Apple has an existing licence from ARM, the British smartphone chip designer that was recently acquired by Softbank. Rather than licensing a fixed design, Apple’s deal apparently permits tweaking for its own purposes, allowing the company to optimise it for new iPhone releases.
For generation after generation, Apple has had the fastest smartphone available, Phil Schiller, Apple’s senior vice president of marketing, said during the Apple iPhone 7 launch Wednesday in San Francisco. “And that’s continued to this day,” Schiller added. “But what we have in the iPhone 7 and iPhone 7+ blows that all away.”
Apple’s next-generation chip, the A10 Fusion, is a 64-bit, four-core processor with over 3.3 million transistors, Schiller said. The cores are split among two high-performance cores and two high-efficiency cores, he said.
The high-performance cores, apparently similar to ARM’s big.LITTLE technology, run 40 percent faster than the previous A9 chip in the iPhone 6s and twice as fast as the earlier A8. From a performance perspective, the A10 Fusion chip is 120 times as fast as the chip in the first iPhone, according to Schiller. “The jumps in performance are just staggering,” he said.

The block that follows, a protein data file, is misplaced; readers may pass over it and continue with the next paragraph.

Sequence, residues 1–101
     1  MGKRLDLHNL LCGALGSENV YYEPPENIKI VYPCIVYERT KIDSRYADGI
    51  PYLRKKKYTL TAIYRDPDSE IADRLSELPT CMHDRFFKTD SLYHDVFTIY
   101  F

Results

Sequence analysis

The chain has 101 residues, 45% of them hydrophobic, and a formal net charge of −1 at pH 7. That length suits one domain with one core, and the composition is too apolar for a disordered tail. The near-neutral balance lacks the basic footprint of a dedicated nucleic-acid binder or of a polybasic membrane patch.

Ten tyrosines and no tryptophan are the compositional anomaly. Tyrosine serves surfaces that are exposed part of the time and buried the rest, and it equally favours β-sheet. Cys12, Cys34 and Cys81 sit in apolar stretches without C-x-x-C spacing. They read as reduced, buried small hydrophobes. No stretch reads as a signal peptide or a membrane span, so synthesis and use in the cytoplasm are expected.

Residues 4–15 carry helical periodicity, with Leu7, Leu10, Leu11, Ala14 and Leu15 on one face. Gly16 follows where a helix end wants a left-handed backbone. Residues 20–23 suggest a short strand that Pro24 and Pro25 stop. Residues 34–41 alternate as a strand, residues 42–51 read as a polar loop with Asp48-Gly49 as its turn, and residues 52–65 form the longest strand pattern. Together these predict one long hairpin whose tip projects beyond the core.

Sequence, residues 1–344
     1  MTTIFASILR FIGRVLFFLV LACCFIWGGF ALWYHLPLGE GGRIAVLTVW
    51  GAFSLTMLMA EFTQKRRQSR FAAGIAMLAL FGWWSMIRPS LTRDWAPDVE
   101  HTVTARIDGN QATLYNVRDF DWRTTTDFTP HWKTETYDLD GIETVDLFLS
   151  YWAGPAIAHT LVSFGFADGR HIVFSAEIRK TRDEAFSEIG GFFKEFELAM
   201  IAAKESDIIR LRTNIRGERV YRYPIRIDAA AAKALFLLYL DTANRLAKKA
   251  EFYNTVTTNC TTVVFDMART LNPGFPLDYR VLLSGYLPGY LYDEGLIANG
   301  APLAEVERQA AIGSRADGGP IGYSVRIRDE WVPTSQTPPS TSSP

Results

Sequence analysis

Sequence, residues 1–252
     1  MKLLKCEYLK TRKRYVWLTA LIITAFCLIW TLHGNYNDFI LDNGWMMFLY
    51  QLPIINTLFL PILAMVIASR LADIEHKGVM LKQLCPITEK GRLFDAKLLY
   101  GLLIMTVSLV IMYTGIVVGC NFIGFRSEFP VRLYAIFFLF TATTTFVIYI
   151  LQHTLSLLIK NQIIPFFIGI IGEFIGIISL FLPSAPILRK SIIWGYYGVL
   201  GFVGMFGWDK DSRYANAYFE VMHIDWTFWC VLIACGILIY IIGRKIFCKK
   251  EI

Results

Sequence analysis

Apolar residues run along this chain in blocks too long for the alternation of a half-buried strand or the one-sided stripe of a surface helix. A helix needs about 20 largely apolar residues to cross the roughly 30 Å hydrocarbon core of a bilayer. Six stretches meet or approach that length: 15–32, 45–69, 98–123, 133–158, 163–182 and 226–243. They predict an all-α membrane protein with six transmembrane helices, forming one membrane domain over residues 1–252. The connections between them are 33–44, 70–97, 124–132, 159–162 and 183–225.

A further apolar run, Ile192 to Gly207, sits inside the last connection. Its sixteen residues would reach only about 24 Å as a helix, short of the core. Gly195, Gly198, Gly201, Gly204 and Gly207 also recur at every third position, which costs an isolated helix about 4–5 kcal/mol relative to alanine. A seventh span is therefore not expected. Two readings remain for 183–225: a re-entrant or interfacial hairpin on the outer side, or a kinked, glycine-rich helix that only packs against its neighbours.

The high-efficiency cores are optimised for low power, and consume just a fifth of the power of the faster cores. The iPhone 7 will switch to those cores, and power down the more powerful options, when you’re performing a task like checking your email. That all translates into longer battery life: 12 to 13 hours for browsing over LTE, or about two hours more than the iPhone 6s, Schiller said.
Graphics performance has also increased, Schiller said, with a six-core chip that’s 50 percent faster than the A9, and three times faster than the A8. Schiller promised “console-level” performance when running Codemasters’ F1 2016 and other games that could tap the chip’s GPU. All told, it’s 240 times faster than the iPhone’s original graphics chip.
“There is absolutely no question: the A10 Fusion is the most powerful chip ever in a smartphone,” Schiller said.